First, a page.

WASHINGTON -- Now we know what Justice Ruth Bader Ginsburg was doing as she recuperated from lung cancer surgery: churning out opinions for the court at a faster clip than any of her younger colleagues.
Eleven days before her 86th birthday, Ginsburg was in fine form as she announced two of the court's three opinions on Monday. One of those was for a case argued in January, when Ginsburg was absent from the court while she recovered from the December surgery.
Last month, on her second day back, Ginsburg wrote the court's opinion in a case that could limit authorities' ability to seize property from criminal suspects.
The justice's most recent health problems, her extended absence from the courtroom for the first time in her career and her age combined to fuel wild speculation online that Ginsburg was gravely ill or dead. Her appearance at a musical event last month put on by her daughter-in-law, an opera singer, only fanned the flames because the event's organizers would not allow photographs.
The justice has long had a reputation for speed, a talent appreciated by chief justices who like to get the court's uncontroversial opinions out of the way as soon as is practical. Ginsburg has written four majority opinions this term, one more than Justice Clarence Thomas.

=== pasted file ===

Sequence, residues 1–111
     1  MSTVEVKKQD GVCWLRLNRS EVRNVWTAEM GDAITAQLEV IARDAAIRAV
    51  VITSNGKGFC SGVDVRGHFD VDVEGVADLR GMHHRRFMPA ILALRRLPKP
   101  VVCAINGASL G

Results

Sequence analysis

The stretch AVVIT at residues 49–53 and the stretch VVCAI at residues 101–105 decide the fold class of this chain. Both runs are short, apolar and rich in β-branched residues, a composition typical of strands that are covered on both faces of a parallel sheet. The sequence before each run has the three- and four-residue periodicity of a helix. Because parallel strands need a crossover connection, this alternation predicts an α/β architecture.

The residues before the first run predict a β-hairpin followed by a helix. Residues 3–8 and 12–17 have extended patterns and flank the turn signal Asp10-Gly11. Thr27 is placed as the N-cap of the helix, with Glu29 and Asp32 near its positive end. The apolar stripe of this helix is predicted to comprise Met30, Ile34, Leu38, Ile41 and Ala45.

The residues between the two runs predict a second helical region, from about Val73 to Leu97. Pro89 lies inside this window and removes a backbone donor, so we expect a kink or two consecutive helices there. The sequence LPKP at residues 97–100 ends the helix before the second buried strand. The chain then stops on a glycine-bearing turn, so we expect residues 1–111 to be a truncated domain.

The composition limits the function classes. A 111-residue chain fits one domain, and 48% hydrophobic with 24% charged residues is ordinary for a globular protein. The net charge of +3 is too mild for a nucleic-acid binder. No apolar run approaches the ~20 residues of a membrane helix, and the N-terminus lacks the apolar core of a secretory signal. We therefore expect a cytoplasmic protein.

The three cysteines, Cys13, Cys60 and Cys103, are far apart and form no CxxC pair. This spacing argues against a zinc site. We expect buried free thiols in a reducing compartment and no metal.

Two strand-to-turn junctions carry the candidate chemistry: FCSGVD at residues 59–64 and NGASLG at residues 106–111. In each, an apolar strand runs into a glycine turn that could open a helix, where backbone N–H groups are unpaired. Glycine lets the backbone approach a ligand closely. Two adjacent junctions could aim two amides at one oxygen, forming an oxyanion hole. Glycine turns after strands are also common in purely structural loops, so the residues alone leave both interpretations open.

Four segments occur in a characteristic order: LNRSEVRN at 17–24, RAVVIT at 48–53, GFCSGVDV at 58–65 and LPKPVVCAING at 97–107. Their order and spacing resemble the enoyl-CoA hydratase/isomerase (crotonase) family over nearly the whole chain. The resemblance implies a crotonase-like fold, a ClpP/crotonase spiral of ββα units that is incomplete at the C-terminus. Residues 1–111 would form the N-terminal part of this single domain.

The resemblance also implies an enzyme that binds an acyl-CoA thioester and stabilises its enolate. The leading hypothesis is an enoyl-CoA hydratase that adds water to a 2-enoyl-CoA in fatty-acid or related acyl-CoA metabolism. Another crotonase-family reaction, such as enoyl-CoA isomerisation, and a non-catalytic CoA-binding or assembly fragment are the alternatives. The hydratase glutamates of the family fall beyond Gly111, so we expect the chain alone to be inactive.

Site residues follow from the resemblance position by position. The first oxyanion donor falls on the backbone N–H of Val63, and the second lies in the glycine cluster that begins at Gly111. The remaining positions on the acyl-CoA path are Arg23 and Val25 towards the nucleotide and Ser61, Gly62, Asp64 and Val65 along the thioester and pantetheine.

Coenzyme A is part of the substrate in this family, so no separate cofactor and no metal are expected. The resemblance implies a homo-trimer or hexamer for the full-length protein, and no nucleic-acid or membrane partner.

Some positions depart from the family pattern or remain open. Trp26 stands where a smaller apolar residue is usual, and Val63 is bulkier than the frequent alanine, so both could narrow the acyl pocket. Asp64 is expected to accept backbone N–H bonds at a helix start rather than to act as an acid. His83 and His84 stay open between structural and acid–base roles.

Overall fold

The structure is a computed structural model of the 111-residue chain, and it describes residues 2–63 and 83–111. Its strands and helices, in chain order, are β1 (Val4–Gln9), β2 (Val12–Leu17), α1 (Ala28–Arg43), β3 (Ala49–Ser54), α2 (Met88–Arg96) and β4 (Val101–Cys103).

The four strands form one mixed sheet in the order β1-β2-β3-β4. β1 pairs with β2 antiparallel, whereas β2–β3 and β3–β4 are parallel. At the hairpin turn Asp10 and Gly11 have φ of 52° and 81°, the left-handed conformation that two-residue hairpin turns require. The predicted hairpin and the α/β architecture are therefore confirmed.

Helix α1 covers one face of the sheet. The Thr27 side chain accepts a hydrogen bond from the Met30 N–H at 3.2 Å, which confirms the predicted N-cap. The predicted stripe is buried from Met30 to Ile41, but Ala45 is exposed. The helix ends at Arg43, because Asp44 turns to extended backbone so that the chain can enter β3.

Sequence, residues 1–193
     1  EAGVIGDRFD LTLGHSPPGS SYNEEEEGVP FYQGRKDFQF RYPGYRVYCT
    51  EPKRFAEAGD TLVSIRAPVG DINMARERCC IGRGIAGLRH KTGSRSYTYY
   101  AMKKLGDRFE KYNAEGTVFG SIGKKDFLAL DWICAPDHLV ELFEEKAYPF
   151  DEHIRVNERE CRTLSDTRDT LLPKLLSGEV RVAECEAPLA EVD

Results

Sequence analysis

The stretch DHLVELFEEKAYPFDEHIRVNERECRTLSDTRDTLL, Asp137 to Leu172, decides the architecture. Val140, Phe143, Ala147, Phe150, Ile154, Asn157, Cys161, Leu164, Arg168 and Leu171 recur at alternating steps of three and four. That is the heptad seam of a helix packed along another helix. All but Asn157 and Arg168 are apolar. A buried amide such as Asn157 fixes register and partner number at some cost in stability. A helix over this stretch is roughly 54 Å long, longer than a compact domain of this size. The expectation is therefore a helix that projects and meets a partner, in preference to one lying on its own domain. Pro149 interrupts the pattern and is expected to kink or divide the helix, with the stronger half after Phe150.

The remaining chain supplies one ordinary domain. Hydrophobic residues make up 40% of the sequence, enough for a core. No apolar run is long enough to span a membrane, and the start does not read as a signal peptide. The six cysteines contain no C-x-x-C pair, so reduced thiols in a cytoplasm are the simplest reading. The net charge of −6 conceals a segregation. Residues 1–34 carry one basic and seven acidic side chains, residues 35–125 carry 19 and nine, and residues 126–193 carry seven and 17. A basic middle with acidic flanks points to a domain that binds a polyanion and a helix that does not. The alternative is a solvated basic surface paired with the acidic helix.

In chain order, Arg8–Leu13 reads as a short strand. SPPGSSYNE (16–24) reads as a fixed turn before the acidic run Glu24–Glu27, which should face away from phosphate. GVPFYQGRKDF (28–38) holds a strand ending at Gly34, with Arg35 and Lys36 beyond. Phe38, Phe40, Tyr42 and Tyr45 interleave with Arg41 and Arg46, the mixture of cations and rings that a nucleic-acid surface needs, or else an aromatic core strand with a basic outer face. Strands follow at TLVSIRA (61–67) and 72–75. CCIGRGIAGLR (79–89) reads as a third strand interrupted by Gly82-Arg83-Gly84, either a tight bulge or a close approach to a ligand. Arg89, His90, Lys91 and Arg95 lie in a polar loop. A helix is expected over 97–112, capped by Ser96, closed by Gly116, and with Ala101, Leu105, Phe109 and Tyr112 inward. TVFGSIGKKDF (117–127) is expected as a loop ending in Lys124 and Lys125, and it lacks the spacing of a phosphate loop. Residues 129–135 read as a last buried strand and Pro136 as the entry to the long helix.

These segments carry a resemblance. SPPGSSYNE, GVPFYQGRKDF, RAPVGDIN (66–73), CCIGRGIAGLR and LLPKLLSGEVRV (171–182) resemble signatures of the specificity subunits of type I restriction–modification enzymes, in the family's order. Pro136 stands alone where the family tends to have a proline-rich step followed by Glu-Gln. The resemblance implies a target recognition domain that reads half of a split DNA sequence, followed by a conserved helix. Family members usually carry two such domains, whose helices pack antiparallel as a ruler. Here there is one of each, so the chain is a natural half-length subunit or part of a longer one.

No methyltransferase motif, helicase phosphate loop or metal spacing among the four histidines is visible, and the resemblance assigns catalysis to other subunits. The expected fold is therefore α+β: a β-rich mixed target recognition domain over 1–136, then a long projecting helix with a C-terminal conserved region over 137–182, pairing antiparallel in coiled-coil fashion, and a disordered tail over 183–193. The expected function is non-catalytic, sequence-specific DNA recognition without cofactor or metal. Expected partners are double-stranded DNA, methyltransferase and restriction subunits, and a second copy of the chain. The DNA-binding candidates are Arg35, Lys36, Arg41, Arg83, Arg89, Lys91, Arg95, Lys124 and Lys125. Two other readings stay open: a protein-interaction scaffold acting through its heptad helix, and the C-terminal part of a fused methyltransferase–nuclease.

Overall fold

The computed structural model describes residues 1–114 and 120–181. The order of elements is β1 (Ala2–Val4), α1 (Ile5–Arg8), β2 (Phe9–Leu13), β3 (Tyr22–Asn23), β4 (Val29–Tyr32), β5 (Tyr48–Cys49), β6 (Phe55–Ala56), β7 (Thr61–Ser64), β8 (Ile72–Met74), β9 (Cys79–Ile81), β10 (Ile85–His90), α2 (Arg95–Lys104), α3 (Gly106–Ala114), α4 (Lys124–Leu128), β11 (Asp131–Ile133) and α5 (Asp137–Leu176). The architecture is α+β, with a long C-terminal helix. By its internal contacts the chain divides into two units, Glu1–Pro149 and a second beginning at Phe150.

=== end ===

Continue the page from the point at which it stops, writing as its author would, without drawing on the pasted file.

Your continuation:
Justice Samuel Alito has yet to author a majority opinion, though that may be an indication Alito is handling cases that have divided the court and produced dissenting opinions. The back and forth between the justices can take months.
Ginsburg had surgery on Dec. 21 to remove a part of her left lung. The cancerous growths were found when Ginsburg underwent medical tests after she fell in her court office and broke three ribs in November.
In two previous bouts with cancer, other broken ribs and assorted ailments, Ginsburg had never missed arguments in more than 25 years as a justice.
But she stayed home for 11 arguments in January, although Chief Justice John Roberts noted that Ginsburg would take part in the cases based on written filings and argument transcripts.
Her first opinion on Monday, in a 7-2 vote, sided with a railroad in a dispute with a worker over lost wages following an injury. In the case from January, Ginsburg wrote a unanimous opinion resolving a case about when a party can sue for copyright infringement.
Rumors of her demise, it appears, were greatly exaggerated. And yet, there still are no pictures of Ginsburg in action because the Supreme Court prohibits cameras in the courtroom.